PMI helped a major automaker design the layout of a parts warehouse. Using simulation, researchers determined the staffing levels that different proposed layouts needed to achieve the facility’s targeted throughput.
The proposed warehouse was to receive, store and distribute windshields and many parts associated with them. One group of resources, the “pickers,” were to traverse the warehouse picking parts out of inventory to fill purchase orders. Other resources, the “restockers,” were to continually replenish inventory. The physical layout of the plant was not yet determined; one proposal called for a two-tier system, with inventory arranged along seven aisles, while another prescribed a one-tier system and thirteen aisles.
Pickers and restockers were to work simultaneously, which raised issues of traffic flow, material flow and safety. Also, it was known that the warehouse would have to attain a high level of throughput, but the automaker wished to achieve this aim with a minimum of workers in order to limit labor costs. Given all these complications, the automaker needed to determine optimum warehouse configuration prior to construction, in order to prevent the future expense of high staff levels or overhaul of the physical layout.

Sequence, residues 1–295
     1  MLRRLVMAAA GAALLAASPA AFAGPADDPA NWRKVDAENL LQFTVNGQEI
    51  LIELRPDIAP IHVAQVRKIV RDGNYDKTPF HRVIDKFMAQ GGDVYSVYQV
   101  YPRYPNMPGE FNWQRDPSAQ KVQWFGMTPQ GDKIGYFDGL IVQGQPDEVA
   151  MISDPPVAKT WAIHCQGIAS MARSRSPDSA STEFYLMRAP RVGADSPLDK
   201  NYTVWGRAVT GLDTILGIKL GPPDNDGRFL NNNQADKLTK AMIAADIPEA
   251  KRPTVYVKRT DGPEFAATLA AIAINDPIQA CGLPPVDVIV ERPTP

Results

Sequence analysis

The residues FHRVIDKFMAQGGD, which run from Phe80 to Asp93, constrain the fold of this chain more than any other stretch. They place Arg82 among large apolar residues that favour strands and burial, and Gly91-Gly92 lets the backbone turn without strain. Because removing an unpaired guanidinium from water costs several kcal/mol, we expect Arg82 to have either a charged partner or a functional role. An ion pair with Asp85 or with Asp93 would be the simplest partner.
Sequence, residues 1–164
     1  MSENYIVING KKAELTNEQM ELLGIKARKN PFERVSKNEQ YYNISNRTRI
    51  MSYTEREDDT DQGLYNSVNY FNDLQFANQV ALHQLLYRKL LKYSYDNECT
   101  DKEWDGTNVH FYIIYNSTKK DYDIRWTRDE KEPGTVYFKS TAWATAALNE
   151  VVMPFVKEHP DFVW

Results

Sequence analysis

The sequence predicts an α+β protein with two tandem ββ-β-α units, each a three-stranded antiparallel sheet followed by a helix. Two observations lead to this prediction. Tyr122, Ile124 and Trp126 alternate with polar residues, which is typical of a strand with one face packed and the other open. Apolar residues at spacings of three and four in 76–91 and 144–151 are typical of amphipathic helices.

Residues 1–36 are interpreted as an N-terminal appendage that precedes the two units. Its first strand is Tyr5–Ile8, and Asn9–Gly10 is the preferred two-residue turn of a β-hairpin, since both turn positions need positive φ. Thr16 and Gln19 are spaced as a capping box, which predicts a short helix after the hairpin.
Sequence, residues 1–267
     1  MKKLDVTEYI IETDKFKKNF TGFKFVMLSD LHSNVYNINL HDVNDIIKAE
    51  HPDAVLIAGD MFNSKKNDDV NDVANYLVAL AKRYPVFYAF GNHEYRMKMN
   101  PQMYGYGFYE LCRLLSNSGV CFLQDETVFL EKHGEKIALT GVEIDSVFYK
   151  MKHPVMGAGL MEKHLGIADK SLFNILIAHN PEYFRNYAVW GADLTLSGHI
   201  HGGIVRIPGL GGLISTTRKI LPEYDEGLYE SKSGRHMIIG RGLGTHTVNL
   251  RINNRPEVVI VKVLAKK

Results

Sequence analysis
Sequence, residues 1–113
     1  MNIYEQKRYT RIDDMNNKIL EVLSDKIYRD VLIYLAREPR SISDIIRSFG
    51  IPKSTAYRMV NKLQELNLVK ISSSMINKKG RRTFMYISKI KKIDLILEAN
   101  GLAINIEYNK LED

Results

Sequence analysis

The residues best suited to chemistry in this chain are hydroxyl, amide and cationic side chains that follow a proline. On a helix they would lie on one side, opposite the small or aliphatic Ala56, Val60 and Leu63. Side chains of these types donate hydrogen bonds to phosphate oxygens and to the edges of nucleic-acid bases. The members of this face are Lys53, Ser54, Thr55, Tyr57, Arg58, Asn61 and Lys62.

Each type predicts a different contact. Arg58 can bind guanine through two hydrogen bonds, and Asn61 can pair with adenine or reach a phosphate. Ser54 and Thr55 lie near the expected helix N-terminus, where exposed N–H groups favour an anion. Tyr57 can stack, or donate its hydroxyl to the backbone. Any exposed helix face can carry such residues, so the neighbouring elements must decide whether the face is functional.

The objective was to determine how many workers were required to safely and reliably produce a total throughput of 900,000 pieces per year for the one and two-tier proposed scenarios.
Researchers began by collecting information on the specific dimensions of the proposed layouts. They also studied representative samples of parts orders, plans for storage of parts within the warehouse, and the decision algorithms and floor-scale motions that workers in the warehouse would need to make. After reviewing these findings with the client, PMI researchers built a series of simulation models.
Results of simulation runs indicated that the one-tier scenario would yield the best performance, meeting the target of 900,000 pieces per year with only 13 pickers and 6 restockers.